Discounting the future, yet again

Politics, Philosophy and Economics 6 (3):259-284 (2007)
discounting the future' is one on which philosophers and economists have divergent professional views. There is a lot of talking at cross-purposes across the disciplinary divide here; but there is a fair bit of confusion (I think) within disciplines as well. My aim here is essentially clarificatory. I draw several distinctions that I see as significant: • between inter-temporal and intergenerational questions • between price (discount rate) and quantity (inter-temporal and intergenerational allocations) as the ethically relevant magnitude, and • between price change and preference change as the primary instrument of change. I show that discounting does not violate the principle of inter-temporal and intergenerational neutrality, but I also cast some doubt on whether making adequate allowance for future generations has really been the problem that economists and philosophers seem to have taken it to be. Key Words: discount rates • intergenerational justice • future generations • `feasibility' analysis.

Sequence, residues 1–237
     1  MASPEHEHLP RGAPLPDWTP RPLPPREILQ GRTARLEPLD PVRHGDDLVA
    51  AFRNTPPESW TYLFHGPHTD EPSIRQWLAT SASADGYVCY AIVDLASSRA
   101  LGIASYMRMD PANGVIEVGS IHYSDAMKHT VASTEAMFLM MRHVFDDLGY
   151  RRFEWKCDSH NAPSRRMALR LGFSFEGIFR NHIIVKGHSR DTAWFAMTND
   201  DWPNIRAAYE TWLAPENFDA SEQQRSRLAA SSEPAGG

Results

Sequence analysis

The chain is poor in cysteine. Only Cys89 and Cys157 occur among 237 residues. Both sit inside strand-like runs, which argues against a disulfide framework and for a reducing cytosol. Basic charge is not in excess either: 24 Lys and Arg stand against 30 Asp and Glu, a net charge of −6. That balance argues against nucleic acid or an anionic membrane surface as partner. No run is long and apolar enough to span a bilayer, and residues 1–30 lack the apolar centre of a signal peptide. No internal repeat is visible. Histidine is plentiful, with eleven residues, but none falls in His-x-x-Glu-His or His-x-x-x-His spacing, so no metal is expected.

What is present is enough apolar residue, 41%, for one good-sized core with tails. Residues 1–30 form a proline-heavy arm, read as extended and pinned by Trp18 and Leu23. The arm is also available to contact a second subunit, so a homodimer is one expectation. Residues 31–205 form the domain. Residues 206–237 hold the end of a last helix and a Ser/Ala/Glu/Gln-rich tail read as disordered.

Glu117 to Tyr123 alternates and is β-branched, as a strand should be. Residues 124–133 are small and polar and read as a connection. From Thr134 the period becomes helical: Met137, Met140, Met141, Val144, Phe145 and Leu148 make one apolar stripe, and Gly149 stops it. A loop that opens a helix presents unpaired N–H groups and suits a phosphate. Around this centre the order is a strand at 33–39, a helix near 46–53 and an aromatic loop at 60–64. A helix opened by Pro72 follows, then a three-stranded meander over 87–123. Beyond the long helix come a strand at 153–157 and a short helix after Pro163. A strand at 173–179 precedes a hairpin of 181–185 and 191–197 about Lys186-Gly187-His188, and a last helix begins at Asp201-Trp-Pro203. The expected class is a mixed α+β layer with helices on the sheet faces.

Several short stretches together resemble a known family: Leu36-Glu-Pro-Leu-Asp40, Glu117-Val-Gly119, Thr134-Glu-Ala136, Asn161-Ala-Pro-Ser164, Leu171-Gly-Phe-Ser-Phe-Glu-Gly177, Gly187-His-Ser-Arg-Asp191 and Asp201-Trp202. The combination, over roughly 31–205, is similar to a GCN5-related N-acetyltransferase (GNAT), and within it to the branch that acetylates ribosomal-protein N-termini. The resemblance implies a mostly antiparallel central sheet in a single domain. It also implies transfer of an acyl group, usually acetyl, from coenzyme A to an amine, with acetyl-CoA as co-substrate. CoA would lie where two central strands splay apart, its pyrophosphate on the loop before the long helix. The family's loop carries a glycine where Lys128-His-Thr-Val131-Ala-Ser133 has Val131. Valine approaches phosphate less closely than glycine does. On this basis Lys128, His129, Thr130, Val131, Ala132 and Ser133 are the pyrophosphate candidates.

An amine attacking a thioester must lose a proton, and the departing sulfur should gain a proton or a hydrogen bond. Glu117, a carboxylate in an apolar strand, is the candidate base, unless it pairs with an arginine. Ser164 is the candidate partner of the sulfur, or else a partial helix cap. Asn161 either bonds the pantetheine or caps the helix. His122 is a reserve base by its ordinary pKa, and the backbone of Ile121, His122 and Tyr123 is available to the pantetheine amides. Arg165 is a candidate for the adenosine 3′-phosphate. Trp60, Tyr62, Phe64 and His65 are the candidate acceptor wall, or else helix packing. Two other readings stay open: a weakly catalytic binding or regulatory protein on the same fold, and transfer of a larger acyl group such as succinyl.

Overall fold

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DOI 10.1177/1470594X07081298
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